Within two weeks of that decision Nike unveiled its new “Just Do It” advertising campaign that featured Kaepernick. The ad campaign was very successful, boosting Nike sales by 30 percent, and served to further increase Kaepernick’s broad support and popularity. Moreover, the NFL faced an additional conflict, because months before it had entered into an eight-year billion-dollar contract with Nike.
A trial would have also revealed that many of the owners were responding to Trump’s attacks on players’ protests by keeping Kaepernick out of the league. Many of the owners have personal relationships with Trump, and six of the 32 owners contributed $1 million or more to his Inaugural Committee. A few weeks before the settlement was announced, Mark Geragos, Kaepernick’s attorney, had told NBC’s “Today” program that “The collusion actually was the NFL kowtowing to the president—I think it’s clear.”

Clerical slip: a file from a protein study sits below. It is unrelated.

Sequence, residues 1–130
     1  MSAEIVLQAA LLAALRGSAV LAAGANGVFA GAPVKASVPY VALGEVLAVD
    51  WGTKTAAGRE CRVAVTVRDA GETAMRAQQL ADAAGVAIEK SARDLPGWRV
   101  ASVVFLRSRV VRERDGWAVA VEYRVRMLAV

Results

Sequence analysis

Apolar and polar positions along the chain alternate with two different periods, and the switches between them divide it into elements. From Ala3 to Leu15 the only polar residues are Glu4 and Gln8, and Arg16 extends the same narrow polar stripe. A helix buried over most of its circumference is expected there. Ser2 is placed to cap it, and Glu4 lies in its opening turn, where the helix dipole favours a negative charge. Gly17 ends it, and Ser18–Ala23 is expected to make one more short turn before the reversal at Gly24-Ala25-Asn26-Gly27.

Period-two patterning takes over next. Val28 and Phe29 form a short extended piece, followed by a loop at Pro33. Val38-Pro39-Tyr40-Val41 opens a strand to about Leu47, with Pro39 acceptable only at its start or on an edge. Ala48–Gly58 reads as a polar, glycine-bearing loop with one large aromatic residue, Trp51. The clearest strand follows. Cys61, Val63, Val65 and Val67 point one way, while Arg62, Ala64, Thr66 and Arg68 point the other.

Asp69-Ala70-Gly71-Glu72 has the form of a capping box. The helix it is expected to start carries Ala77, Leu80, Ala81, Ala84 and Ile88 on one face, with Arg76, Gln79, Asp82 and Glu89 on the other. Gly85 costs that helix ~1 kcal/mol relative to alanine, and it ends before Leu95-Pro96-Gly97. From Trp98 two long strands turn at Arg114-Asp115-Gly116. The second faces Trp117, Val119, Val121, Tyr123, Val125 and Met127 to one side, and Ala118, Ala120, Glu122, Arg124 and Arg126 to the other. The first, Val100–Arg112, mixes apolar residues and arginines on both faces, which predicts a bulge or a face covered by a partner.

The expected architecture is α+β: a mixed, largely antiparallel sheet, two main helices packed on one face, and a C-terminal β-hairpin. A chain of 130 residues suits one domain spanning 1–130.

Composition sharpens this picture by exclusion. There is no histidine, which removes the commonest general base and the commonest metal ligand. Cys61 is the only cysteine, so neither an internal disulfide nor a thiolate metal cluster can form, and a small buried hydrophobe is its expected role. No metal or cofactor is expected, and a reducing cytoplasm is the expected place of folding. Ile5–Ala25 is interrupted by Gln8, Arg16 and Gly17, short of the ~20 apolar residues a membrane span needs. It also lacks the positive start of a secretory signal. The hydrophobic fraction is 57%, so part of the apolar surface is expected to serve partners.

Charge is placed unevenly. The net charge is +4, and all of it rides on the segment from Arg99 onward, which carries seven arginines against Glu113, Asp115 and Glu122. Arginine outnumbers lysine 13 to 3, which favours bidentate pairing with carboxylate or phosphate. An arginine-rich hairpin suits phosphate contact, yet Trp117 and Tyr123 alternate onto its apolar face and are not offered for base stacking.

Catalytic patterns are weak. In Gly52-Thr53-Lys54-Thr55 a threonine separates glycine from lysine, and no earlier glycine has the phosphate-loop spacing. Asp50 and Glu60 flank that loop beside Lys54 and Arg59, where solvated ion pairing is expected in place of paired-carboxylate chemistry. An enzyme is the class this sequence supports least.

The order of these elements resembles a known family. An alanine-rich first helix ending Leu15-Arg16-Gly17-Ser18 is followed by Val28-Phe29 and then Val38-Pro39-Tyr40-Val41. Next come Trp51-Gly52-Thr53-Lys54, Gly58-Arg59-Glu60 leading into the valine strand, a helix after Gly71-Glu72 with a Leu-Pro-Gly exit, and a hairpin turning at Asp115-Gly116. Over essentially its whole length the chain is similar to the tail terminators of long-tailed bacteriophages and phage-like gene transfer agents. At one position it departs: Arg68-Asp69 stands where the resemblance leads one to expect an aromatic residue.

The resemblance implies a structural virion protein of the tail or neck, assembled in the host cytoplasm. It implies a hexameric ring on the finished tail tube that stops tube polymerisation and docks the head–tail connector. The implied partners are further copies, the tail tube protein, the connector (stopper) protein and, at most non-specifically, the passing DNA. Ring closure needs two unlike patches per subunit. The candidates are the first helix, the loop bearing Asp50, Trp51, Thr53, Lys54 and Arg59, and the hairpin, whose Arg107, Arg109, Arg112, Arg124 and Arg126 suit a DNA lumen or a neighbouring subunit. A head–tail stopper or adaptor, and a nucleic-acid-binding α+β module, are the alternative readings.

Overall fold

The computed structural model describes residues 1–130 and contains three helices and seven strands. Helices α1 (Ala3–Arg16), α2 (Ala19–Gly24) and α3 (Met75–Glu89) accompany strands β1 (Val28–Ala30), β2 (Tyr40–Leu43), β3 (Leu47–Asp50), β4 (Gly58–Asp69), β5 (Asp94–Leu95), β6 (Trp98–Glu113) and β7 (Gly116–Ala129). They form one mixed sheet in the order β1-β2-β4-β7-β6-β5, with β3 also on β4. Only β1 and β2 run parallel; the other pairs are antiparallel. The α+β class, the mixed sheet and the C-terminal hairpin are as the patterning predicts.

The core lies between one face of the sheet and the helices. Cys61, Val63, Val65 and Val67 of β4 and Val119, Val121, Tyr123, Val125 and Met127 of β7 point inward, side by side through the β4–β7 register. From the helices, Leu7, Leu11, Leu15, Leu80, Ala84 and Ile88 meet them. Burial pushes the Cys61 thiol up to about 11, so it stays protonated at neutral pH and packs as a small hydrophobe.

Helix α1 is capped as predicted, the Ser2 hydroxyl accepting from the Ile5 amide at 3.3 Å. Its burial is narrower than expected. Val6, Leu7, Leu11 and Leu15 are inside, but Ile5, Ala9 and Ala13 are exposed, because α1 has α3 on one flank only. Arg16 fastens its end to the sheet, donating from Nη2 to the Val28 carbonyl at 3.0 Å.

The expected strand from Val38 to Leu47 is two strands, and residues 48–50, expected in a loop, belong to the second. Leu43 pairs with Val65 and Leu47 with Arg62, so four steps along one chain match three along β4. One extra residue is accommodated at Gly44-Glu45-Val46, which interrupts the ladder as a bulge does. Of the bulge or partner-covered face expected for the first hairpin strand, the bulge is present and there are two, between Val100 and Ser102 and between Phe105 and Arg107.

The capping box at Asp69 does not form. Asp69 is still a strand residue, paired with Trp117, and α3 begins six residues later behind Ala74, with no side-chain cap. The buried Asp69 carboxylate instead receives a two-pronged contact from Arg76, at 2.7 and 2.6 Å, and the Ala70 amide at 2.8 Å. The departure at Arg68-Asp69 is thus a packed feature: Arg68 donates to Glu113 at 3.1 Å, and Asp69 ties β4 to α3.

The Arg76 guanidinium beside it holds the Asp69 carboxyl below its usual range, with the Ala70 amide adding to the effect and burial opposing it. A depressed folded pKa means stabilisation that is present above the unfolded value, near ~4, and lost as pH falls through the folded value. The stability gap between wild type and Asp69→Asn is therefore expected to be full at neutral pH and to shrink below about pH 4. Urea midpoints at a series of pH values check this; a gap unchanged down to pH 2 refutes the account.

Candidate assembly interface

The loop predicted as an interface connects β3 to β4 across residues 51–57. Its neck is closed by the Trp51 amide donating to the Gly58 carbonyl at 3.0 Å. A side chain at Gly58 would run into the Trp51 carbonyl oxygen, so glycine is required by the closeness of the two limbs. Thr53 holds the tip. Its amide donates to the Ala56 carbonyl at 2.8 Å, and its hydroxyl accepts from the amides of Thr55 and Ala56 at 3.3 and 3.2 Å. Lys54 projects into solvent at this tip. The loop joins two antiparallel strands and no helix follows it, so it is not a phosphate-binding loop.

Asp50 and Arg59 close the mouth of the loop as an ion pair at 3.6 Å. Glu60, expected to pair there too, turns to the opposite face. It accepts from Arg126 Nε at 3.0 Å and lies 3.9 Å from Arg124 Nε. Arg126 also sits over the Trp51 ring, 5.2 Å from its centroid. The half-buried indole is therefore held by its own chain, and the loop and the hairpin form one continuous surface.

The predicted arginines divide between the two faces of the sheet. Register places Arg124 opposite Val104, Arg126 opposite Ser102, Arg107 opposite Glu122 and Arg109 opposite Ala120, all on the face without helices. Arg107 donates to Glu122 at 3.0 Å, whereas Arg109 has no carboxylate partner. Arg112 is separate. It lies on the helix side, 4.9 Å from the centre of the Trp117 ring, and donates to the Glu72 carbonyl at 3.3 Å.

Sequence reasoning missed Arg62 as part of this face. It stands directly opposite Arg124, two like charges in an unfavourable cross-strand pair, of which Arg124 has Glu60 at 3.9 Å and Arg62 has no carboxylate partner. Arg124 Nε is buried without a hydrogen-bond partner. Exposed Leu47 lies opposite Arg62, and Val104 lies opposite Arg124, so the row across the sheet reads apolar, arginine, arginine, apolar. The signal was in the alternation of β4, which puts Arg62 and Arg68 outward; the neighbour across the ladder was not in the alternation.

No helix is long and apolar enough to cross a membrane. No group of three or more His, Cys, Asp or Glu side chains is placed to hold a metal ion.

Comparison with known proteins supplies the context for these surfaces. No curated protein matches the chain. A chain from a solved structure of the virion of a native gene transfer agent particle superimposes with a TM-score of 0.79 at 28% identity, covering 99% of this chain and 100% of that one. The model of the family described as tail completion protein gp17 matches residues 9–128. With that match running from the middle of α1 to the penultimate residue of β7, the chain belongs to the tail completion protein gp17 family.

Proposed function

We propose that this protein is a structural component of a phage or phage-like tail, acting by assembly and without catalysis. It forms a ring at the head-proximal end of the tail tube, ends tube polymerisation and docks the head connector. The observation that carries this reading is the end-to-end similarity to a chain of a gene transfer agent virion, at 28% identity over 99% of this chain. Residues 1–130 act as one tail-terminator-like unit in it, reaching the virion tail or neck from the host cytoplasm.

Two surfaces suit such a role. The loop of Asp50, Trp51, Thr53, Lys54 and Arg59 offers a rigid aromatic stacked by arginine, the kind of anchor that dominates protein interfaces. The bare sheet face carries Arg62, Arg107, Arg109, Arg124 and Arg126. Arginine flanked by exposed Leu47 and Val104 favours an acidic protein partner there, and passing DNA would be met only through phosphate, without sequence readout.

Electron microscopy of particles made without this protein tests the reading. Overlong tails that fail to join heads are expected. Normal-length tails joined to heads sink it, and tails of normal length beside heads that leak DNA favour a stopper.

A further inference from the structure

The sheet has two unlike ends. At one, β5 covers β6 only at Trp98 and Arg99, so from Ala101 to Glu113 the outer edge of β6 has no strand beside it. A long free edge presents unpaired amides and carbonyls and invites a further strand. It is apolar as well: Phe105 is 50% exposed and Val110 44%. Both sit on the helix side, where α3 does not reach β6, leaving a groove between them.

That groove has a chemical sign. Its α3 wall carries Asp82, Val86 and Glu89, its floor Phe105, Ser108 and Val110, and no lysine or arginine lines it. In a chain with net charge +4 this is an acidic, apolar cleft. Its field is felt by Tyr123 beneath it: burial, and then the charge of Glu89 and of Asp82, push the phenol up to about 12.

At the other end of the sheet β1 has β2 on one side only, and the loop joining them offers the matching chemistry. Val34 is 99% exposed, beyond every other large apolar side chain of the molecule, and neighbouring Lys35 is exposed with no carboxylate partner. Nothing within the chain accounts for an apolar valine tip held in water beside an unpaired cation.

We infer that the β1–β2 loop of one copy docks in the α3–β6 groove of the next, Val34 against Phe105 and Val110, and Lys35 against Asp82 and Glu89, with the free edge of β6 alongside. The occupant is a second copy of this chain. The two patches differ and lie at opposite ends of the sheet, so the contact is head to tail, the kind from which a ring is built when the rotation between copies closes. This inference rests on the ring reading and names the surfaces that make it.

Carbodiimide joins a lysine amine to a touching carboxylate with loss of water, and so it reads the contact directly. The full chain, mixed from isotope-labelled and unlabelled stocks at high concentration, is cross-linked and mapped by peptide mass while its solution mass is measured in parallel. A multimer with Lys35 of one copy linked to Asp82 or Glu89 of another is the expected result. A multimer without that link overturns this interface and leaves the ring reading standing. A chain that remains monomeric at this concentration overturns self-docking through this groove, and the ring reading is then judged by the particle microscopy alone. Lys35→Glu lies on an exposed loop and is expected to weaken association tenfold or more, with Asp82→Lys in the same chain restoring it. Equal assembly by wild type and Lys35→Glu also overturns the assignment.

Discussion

A finding of collusion would have cost the NFL tens of millions of dollars and would have caused considerable damage to its brand. By settling these issues confidentially, the NFL is hoping to put the anthem issue to rest at a lower cost in money and publicity, and with the hope that in the future its massive revenue stream will continue to flow unimpeded, without any political interference from its players.
Despite the NFL’s hope, Kaepernick’s principled stand, and now successful grievance against the NFL, continues to resonate with a large portion of the population. These sentiments were expressed by NBA star LeBron James, who told reporters Saturday at the NBA All-Star Weekend, “I stand with Kaep. I kneel with Kaep.”
“I feel what he was talking about when nobody wanted to listen to him,” James said. “Nobody ever really wanted to actually understand where he was coming from. I think that anyone who would sacrifice their livelihood for the benefit of all of us—I can respect that. He’s done that.”
James continued, “You’ve got a guy who basically lost his job because he wanted to stand for something that was more than just him. I’m happy to see the news come out yesterday that he won his suit. I hope it’s a hell of a lot of money.”